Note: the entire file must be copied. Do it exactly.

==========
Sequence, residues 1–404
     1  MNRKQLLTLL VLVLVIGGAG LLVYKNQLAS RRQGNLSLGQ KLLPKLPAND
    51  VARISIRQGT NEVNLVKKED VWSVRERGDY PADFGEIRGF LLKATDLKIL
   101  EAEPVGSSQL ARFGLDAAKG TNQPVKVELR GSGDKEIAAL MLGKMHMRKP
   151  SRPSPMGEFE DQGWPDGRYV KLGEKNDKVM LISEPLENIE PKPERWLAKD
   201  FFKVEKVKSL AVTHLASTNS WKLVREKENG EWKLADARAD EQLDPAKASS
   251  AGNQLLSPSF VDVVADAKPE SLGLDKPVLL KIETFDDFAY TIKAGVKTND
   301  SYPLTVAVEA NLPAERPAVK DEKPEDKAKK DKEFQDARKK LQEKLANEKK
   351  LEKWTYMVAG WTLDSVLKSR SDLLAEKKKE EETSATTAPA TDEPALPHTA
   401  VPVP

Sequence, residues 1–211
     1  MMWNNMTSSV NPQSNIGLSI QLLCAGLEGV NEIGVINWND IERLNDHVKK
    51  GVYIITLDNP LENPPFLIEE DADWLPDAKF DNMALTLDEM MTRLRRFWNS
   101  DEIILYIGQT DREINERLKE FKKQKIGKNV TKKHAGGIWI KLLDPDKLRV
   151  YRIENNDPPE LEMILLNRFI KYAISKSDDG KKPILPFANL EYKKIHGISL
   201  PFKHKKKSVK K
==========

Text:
Sequence, residues 1–404
     1  MNRKQLLTLL VLVLVIGGAG LLVYKNQLAS RRQGNLSLGQ KLLPKLPAND
    51  VARISIRQGT NEVNLVKKED VWSVRERGDY PADFGEIRGF LLKATDLKIL
   101  EAEPVGSSQL ARFGLDAAKG TNQPVKVELR GSGDKEIAAL MLGKMHMRKP
   151  SRPSPMGEFE DQGWPDGRYV KLGEKNDKVM LISEPLENIE PKPERWLAKD
   201  FFKVEKVKSL AVTHLASTNS WKLVREKENG EWKLADARAD EQLDPAKASS
   251  AGNQLLSPSF VDVVADAKPE SLGLDKPVLL KIETFDDFAY TIKAGVKTND
   301  SYPLTVAVEA NLPAERPAVK DEKPEDKAKK DKEFQDARKK LQEKLANEKK
   351  LEKWTYMVAG WTLDSVLKSR SDLLAEKKKE EETSATTAPA TDEPALPHTA
   401  VPVP

Sequence, residues 1–211
     1  MMWNNMTSSV NPQSNIGLSI QLLCAGLEGV NEIGVINWND IERLNDHVKK
    51  GVYIITLDNP LENPPFLIEE DADWLPDAKF DNMALTLDEM MTRLRRFWNS
   101  DEIILYIGQT DREINERLKE FKKQKIGKNV TKKHAGGIWI KLLDPDKLRV
   151  YRIENNDPPE LEMILLNRFI KYAISKSDDG KKPILPFANL EYKKIHGISL
   201  PFKHKKKSVK K